With Moore column

Columnist John Moore snapped this photo of Paul McCartney during a concert in June in Lexington, Kentucky.

The Beatles broke up when I was 8.

Those eight years are the same ones they were together.

So my life has always included John, Paul, George and Ringo.

From 1963 until 1970, the Beatles dominated the airwaves, both in radio airplay and in television coverage.

They were also covered in newspapers and magazines. They made movies. They knocked Elvis off his throne. They were a big deal.

They still are.

The fact that some 50 years later I’m still writing about them and you’re still interested in reading this is remarkable.

Other artists of the same era have waned in popularity or disappeared. You never hear, “Gee, do you think Paul Revere and the Raiders might get back together?”

But Paul McCartney and Ringo Starr, the two surviving Beatles, still draw huge crowds as solo acts. My wife and I have seen them both in the last five years. Both shows were excellent and being at each felt like being part of history.

Beatlemania is still a thing. One newly discovered tidbit of Beatle information sends fans into a tizzy.

It’s why I’m writing this.

Mark Lewisohn, who some consider to be an expert on the band, is a writer working on another Beatles book. He claims he came across a taped interview with John Lennon, Paul and George Harrison (Ringo was ill and wasn’t present), recorded shortly before the band split.

If this tape is real, what makes it unique is that it seems to indicate that Lennon was planning on the band making more records, which contradicts everything Beatles fans have always believed — that it was John’s desire to leave the group that caused the end of the Beatles. Even Paul has said it was John who broke up the group.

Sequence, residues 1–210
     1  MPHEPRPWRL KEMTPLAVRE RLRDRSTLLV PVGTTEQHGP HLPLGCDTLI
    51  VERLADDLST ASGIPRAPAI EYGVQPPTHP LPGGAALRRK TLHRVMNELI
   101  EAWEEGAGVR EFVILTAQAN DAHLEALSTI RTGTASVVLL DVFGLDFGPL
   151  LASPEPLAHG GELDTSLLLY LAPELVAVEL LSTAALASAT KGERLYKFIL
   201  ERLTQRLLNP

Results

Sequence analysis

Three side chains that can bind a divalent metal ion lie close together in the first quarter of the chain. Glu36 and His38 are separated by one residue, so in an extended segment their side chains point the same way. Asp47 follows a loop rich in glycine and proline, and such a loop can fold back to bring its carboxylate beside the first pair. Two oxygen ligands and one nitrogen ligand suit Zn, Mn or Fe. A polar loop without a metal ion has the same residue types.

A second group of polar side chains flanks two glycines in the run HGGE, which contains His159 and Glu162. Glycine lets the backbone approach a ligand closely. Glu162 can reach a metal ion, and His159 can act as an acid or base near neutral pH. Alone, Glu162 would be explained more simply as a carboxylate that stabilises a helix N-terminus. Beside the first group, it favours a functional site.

But allegedly in this recorded session, Lennon discusses a 4-4-4-2 song split.

John, Paul and George would each get four songs of their choice on the next album, and Ringo, if he wanted, would get two.

During the recording, Paul allegedly disses the quality of George’s songwriting and questions the number allocated to each person.

Lennon then supposedly tells McCartney that he has songs they don’t like either (he cites “Maxwell’s Silver Hammer”), and suggests he should offer his lesser work to other artists instead of to his own band.

But this album, which would have followed “Abbey Road” and “Let It Be,” the group’s last records, wasn’t to be. If the recording of John, Paul and George talking is real and verified, an inability to agree on songs seems to be part of the reason the album never happened, but Paul appears to be the holdout, not John.

It looks more and more as if Yoko was a scapegoat.

Lewisohn has already released one Beatles book and plans to publish two more. For those of us who still find the band’s work to be unprecedented and an integral part of our lives, this new information about the Beatles is pretty stunning. It also helps feed an insatiable appetite for more of something that millions of people wish hadn’t ended.

If you’re a fan, you understand.

No other musical group before or since has had the impact of the Fab Four.

No one else is even close. Even an 8-year-old knows that.

John’s book, “Write of Passage: A Southerner’s View of Then and Now,” is available on Amazon and Barnes and Noble. You can reach John through his website at www.TheCountryWriter.com.

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